Eating more fish is linked to increased sex and pregnancy, study finds

Couples who had fish more than 8 times a menstrual cycle had a 47% shorter time getting pregnant than those who didn't, and had 22% more sex than those that didn't.

Eating more fish is linked to increased sex and pregnancy, study finds

Fish. They swim around without emotion and, let's be honest, don't pay taxes. But according to a highly cited study in the Journal of Clinical Endocrinology & Metabolism, they might be good for something after all: helping us humans procreate. 


I'll give you a second to take that in. 

According to the study, 501 couples were surveyed for from 2005 to 2009 and asked an array of questions about both their contraceptive methods and their fish intake. It doesn't particularly matter what kinds of fish: canned tuna counted, as did shrimp and shellfish. The study started with over 1,000 couples but was apparently whittled down—if you will—by birth control methods. Go ahead and read the full study here for yourself if you'd like. 

But you're probably reading this to find out about the numbers... how much extra copulation will you get by upping your fish consumption? It all boils down to this very exciting paragraph below. Keep in mind that 'cycle' refers to the menstrual cycle, that TTP means 'time to pregnancy', and SIF means 'sexual intercourse frequency': 

Couples with male and female partners who consumed eight or more seafood servings per cycle had 47% (95% CI, 7% to 103%) and 60% (95% CI, 15% to 122%) greater fecundity (shorter TTP) than couples with male and female partners who consumed one or fewer seafood servings per cycle. Couples with both partners consuming eight or more seafood servings per cycle had 61% (95% CI, 17% to 122%) greater fecundity than couples consuming less. Male and female partners with the highest seafood intake (eight or more servings per cycle) also had 22% greater SIF.

Let's break that down: couples who had fish more than 8 times a menstrual cycle (roughly one month) had a 47% shorter time getting pregnant than those who didn't, and those who consumed fish 8 or more times during a cycle had 22% more sex than those that didn't.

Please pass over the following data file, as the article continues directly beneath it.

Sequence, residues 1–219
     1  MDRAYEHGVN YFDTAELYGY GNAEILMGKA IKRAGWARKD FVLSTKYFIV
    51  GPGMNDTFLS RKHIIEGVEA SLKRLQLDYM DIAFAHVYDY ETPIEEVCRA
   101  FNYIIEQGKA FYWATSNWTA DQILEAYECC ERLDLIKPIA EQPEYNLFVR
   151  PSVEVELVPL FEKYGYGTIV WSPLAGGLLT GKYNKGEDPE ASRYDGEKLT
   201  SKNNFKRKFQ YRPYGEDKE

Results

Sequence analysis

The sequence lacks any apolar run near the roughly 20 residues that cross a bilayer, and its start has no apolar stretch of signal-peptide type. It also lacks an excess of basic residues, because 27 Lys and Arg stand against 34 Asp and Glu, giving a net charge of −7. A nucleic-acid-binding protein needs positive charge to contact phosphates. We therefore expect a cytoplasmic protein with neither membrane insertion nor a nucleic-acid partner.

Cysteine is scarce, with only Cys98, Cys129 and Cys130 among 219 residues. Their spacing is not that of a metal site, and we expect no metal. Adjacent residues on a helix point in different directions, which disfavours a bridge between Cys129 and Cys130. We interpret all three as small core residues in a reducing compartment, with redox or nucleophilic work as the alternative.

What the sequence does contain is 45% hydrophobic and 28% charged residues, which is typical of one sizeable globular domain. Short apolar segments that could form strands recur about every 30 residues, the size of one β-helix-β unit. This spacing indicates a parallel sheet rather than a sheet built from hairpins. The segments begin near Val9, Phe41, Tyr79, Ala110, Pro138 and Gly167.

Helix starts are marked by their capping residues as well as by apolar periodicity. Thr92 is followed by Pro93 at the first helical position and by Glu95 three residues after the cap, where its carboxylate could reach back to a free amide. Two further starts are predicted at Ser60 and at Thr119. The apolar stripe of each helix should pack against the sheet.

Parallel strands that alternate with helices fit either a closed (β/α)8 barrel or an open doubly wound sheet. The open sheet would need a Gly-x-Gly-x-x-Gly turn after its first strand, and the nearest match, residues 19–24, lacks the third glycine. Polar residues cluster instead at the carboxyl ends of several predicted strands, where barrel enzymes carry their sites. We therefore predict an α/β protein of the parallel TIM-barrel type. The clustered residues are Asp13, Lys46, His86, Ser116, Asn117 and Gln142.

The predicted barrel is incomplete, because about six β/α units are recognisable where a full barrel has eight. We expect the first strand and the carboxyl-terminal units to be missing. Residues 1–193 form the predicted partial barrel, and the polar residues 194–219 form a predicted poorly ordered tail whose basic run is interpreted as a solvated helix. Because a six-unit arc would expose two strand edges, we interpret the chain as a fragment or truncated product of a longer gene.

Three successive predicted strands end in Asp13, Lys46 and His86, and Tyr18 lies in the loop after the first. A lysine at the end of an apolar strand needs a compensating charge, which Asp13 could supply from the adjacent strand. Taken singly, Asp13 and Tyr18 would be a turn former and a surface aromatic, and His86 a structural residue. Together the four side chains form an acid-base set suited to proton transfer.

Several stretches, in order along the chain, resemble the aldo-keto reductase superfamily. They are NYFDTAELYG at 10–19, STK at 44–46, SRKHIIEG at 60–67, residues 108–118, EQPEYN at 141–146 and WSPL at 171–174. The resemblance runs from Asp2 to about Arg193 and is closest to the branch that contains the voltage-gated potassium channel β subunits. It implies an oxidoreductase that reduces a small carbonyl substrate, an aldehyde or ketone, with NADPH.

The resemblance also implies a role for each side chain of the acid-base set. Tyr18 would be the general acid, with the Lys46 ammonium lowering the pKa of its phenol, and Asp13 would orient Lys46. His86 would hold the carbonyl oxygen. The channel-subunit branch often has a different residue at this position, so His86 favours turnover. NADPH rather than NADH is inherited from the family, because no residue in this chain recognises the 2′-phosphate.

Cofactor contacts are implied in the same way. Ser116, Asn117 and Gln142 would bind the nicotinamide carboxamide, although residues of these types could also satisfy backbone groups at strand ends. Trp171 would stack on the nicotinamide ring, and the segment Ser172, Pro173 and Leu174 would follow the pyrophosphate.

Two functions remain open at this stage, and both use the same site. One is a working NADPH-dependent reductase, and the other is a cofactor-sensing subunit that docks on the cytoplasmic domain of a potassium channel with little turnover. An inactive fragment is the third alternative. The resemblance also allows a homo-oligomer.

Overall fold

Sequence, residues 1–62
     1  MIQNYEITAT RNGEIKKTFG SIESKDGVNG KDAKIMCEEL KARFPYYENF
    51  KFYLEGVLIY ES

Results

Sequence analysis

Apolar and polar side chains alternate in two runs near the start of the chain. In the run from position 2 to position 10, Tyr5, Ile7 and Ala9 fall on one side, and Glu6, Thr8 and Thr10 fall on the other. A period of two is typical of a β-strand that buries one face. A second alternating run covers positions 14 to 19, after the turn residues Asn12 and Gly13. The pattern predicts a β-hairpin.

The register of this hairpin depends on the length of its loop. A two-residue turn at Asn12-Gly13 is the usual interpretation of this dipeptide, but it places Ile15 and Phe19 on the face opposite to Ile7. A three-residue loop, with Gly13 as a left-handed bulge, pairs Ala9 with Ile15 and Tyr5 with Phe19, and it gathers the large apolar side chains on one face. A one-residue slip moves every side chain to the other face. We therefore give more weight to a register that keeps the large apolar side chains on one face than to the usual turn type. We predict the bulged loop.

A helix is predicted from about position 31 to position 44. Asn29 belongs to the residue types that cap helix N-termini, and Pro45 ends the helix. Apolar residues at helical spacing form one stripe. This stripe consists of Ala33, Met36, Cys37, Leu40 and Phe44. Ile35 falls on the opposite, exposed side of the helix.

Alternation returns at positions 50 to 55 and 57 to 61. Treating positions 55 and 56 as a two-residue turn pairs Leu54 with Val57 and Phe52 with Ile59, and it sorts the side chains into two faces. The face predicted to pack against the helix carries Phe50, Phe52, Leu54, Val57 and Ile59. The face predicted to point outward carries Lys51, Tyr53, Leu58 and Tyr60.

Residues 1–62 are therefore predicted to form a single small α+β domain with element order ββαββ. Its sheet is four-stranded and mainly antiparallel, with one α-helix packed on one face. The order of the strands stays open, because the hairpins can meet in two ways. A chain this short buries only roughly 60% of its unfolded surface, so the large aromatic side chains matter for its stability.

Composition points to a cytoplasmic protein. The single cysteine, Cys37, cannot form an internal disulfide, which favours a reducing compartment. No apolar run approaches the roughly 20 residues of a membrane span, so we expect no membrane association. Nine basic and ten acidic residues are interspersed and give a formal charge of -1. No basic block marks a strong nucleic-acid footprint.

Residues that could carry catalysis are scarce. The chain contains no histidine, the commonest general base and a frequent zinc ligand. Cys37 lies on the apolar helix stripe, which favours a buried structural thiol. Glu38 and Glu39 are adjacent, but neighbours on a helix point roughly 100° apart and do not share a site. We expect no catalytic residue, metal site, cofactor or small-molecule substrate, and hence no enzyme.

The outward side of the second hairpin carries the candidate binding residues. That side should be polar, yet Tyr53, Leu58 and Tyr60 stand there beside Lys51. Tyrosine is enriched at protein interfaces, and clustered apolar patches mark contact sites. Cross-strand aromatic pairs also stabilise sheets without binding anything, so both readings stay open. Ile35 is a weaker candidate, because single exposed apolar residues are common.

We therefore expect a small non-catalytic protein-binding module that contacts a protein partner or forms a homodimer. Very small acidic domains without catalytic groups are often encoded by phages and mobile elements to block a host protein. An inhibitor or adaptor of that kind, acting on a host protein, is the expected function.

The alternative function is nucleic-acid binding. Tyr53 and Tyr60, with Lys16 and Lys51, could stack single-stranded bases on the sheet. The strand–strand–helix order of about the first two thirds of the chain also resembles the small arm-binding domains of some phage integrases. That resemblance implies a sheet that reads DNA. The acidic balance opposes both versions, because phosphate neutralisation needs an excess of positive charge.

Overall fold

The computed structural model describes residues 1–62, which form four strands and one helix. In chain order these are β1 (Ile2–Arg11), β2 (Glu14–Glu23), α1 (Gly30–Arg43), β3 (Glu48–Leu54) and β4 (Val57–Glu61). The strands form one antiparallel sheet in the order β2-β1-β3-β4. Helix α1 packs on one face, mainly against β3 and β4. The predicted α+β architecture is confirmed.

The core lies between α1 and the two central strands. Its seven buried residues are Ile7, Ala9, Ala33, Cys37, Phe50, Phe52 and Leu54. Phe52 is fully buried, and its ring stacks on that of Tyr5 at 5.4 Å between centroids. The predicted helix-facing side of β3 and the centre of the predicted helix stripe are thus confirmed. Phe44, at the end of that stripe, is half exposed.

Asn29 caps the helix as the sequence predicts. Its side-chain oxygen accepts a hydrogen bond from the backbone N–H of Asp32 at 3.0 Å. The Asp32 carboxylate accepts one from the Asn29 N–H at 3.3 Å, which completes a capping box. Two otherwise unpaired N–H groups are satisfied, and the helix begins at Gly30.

One thing about the study is unclear: why eating fish seems to increase sex (and pregnancy). Perhaps it's because fish is a relatively "clean" protein, i.e. far more lean than beef and a lot less likely to contain man-made contaminates than chicken. Given that 99.5% of chicken available in stores and restaurants is factory farmed, there's a good chance that it's been given antibiotics and whatever else big-league farmers need to make as much money as possible. Touching upon the cleanliness of fish, the study touches upon the fact that fish contain toxins but states that those toxins are in trace amounts unless you consume a lot of fish, therefore the good far outweighs the bad. 

Of course, as any Big Think reader knows, correlation does not equal causation. But the findings from this 4-year study are clear: it's time to start researching your sushi. 

A brief history of human dignity

What is human dignity? Here's a primer, told through 200 years of great essays, lectures, and novels.

Credit: Benjavisa Ruangvaree / AdobeStock
Sponsored by the Institute for Humane Studies
  • Human dignity means that each of our lives have an unimpeachable value simply because we are human, and therefore we are deserving of a baseline level of respect.
  • That baseline requires more than the absence of violence, discrimination, and authoritarianism. It means giving individuals the freedom to pursue their own happiness and purpose.
  • We look at incredible writings from the last 200 years that illustrate the push for human dignity in regards to slavery, equality, communism, free speech and education.
Keep reading Show less

Mathematical model shows how the Nazis could have won WWII's Battle of Britain

With just a few strategical tweaks, the Nazis could have won one of World War II's most decisive battles.

Photo: Heinrich Hoffmann/ullstein bild via Getty Images
Politics & Current Affairs
  • The Battle of Britain is widely recognized as one of the most significant battles that occurred during World War II. It marked the first major victory of the Allied forces and shifted the tide of the war.
  • Historians, however, have long debated the deciding factor in the British victory and German defeat.
  • A new mathematical model took into account numerous alternative tactics that the German's could have made and found that just two tweaks stood between them and victory over Britain.
Keep reading Show less

New data reveals Earth closer to a black hole and 16,000 mph faster

A new study shows our planet is much closer to the supermassive black hole at the galaxy's center than previously estimated.

Position and velocity map of the Milky Way Galaxy.

Credit: NAOJ
Surprising Science
  • A Japanese radio astronomy project revealed Earth is 2,000 light years closer to the supermassive black hole at the Milky Way's center.
  • The data also showed the planet is moving 7 km/s or 16,000 mph faster in orbit around the Galactic Center.
  • The findings don't mean Earth is in more danger from the black hole but reflect better modeling of the galaxy.
  • Keep reading Show less

    How has technology changed — and changed us — in the past 20 years?

    Apple sold its first iPod in 2001, and six years later it introduced the iPhone, which ushered in a new era of personal technology.

    PEDRO UGARTE/AFP via Getty Images
    Technology & Innovation
    Just over 20 years ago, the dotcom bubble burst, causing the stocks of many tech firms to tumble.
    Keep reading Show less
    Surprising Science

    The magic of mushrooms: A mycological trip

    A biologist-reporter investigates his fungal namesake.

    Scroll down to load more…
    Quantcast